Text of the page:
Point of View
Reading what we should?
by Melanie Springer Mock
I try to avoid eye contact on airplanes, in coffee shops, in places where I might have to talk with someone I do not know; as an introvert, I don’t often relish banter with strangers. If I do begin a conversation, however, invariably someone will discover I am an English professor, and will say one of two things: 1) “I better watch my grammar when I talk to you, then, so you can’t correct me” and 2) “What kind of books should I be reading?”
I never really offer a good reply, at least to the first remark. To be honest, I sometimes fix people’s spoken grammar, but only in my head. My mama taught me to be nice, and offering uninvited correction is impolite. My response to the second question is also problematic. My initial answer is that people should read whatever they want. There are too many good books in this world (and too little time in our lives) to feel we must have a reading agenda dictated by others. My second, seemingly contradictory, answer is this: read what you want, but also use books to open your world in a different way.
Directing inquisitors to the many “great books” lists floating in the ether might be an easier approach to this well meaning question. I imagine people expect an English professor might hand out such lists, advocating that everyone, everywhere, should read only the literary canon. But I have problems with a reading diet heavy on books deemed notable by others. Most lists of great literature focus too narrowly on works written by the privileged classes — by westerners, by Caucasians, by men — because the lists themselves were constructed primarily by the privileged classes (westerners, Caucasians, men). Those who intend to read only books considered “classic” will miss too many other great works by women and minorities.
Christians may feel more challenged by the consideration of what we should be reading. After all, Paul reminds us we are to fill our minds with that which is noble, pure, right, and lovely (Philippians 4:8). Does this mean we should only read literature with happy endings? Or books devoid of things unlovely, like murder, deception, adultery, debauchery?
As an English professor at a Christian university, I often contend with these questions. Some believe we should study only books written by Christian authors, describing Christian situations, and are at times disappointed when we read in our classes works by authors of many faiths, exploring issues of deep moral complexity. At first blush, many works taught in George Fox literature classes do not seem to fill minds with what is pure, right, or holy. But through deeper consideration and intelligent discussion we find good works of literature often uncover a greater truth. God’s truth: what is pure, right, and holy.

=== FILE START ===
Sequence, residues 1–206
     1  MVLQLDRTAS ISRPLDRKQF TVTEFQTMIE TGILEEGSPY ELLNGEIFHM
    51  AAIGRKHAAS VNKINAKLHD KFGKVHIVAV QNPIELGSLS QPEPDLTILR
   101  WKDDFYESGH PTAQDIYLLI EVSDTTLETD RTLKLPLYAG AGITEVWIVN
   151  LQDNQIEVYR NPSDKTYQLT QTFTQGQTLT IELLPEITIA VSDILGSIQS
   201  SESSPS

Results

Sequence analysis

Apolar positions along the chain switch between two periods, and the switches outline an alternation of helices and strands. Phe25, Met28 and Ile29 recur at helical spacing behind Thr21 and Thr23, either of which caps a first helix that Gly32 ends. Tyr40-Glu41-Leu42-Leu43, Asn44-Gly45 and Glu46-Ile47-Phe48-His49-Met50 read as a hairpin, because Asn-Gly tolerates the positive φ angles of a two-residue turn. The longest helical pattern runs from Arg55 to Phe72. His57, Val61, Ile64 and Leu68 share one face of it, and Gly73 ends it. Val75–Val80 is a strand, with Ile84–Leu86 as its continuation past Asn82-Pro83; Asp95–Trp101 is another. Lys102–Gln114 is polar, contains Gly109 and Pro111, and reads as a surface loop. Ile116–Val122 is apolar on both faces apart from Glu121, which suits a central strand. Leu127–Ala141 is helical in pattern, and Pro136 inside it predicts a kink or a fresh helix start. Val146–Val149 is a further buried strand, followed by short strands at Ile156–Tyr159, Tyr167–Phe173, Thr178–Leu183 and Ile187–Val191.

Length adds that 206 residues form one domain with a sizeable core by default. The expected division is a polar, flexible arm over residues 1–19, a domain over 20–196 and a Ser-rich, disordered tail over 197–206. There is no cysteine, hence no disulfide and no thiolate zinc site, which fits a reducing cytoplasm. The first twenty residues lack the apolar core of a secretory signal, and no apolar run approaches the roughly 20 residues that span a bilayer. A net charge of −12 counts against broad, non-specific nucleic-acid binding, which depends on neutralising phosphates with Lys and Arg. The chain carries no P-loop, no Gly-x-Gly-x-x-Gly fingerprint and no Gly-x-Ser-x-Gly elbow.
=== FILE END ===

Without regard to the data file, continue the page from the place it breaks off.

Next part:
And so, the books we read should lead us to a greater understanding of God and grace, incarnation and our need for redemption. This understanding cannot happen if we read only works offering a sanitized or Christianized view of life. Nor can we get a real sense of how to love our neighbors without knowing our neighbors: something reading often facilitates. Recently, for example, I discovered a great deal about love for my Indian neighbors from a novel about poverty and AIDS set in Mumbai, written by a female Hindu writer; I also learned about God’s mercy and grace, more than I ever might from a Christian romance describing two young Evangelicals falling in love.
What should you be reading? Whatever you want. If you want to read the classics, feel free. If you want to read Christian romances, bemy guest. But if you are seeking fare different than the normal diet you consume, if you want your mind opened to new understanding of God and the world around you, I suggest reading something not found on a list of great books or in a Christian bookstore.
And, if you want to know what I have been reading lately, catch my eye (if you can) and feel free to ask. Just don’t expect me to tell you that my list should be yours too.
Melanie SpringerMock (G90) is associate professor of writing/literature.